NCSL asked me to run my seminar on ‘extending the school’ for Wednesday’s London conference as part of their SLICT conference series. My perspective is, as you’d expect, about the contribution that a VLE can make to extending opportunities for learning beyond school into the home environment, and thus utilizing pupils’ home technology to provide far more access to computing to support and enhance the curriculum. Having been inspired by some of Futurelab’s work on informal learning and personalisation, I’ve also tried to weave in a few threads about using blogging and personal learning spaces to reverse the direction and bring some of the strengths of home based learning into the school too. As my audience was school leaders, the key message was about choosing and using learning platforms in a way that supports and underpins the school’s own vision for learning and teaching. I think the sessions were well received by those attending, and there were some good questions raised. The notion of using Moodle courses (or their equivalent) as a mechanizm for communication with parents seemed an appealing one. Somewhat depressingly, this was the second NCSL event where I’ve been asked ‘what does open source mean’. I’ve uploaded a pdf of the slides, and NCSL have asked me to take part in one of their Hotseat follow up discussions for the next three weeks, for those who have Talk2Learn accounts
The two plenary sessions made interesting contrasts. In the morning we had Doug Brown of the DfES Technology Group bringing folks up to speed on the latest thinking for the big picture stuff about schools IT. Interestingly, he (and Becta) seem to be talking now about personalised content rather than personalised learning. I think this is rather worrying, and Doug’s example of the machine deciding “It seems you’ve responded well to content presented visually, so here’s more content in a similar format” did little to set my mind at rest. Surely we should be using the huge potential of networked learning to have our students working together to create things, and engaging with authentic problems and other people in the process, rather than returning to an old fashioned notion of individuals working through texts and exercises, even if these are now multimedia, adaptively designed SCORM packages.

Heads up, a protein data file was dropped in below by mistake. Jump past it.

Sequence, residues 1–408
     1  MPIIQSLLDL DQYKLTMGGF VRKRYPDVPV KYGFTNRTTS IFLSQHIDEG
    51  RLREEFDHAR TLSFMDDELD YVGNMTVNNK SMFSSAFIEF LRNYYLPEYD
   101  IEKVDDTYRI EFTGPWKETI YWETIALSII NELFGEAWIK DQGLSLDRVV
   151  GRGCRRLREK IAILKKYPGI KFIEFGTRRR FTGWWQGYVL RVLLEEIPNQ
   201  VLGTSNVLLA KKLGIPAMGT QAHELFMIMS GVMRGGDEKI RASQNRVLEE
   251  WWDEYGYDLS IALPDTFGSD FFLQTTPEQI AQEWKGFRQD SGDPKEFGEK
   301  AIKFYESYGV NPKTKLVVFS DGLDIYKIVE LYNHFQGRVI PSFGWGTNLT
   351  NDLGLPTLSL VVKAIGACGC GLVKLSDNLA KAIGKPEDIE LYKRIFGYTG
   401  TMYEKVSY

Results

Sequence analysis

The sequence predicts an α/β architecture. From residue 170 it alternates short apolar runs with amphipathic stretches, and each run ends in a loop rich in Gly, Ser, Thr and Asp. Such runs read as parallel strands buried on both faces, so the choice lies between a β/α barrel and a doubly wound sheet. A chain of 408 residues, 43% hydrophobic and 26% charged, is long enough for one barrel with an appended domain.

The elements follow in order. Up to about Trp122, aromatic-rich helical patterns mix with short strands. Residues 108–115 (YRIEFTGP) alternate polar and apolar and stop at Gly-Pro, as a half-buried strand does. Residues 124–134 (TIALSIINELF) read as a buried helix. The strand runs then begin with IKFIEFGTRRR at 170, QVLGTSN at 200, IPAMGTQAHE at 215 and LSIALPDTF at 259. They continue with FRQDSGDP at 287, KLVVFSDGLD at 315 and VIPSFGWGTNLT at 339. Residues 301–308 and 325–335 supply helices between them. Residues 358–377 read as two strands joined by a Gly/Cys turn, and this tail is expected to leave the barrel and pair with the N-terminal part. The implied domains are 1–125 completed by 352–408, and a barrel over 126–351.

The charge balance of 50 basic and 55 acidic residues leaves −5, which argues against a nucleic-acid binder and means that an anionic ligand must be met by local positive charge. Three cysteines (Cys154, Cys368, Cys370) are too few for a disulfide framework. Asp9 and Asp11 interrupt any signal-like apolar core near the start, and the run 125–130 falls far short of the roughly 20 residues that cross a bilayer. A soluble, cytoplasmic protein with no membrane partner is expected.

One of the other delegates challenged him about the perceived centralisation coming from the DfES IT people, and he said something quite curious in response, indicating that the reason why he sees us at the cutting edge of educational computing world wide is because they’ve allowed 23,000 flowers to bloom and encouraged a culture of innovation in schools, but now the priority has to be to make sure that the practice of the best and the good is adopted by all the other schools. What I’m not clear about is whether the stadardization that this involves is going to leave much room for risk taking, creativity and enterprise at school level. He’s not happy about teachers spending time supporting their own use of computers, which sounds fine at first, but will ultimately result in a teaching profession who will be end-user consumers of the IT industry’s offerings, at the mercy of the good folk on the tech support desk.
The afternoon session was with Russell Prue, self-styled ICT Evangelist. Now, knowing something of Russell’s background with RM, and a little of his reputation, I thought I wasn’t going to enjoy this, but actually it was really good stuff. OK, so he’s very much the showman, and his style may not suit everyone, but his sheer enthusiasm for the difference that the technology can make came across loud and clear. It was also refreshing to find him using more technology than PowerPoint for his presentation, and he even had a mobile number for folks to txt him with questions during the session. Perhaps not surprisingly for a former RM employee, there was a focus on hardware, but some of this was pretty cool, like the Digital Music Mixer or PSPs as wifi tablets (apparently there’s a keyboard available now). There was a refreshing focus on encouraging pupils’ creativity in this session, which was perhaps missing from the morning one.Share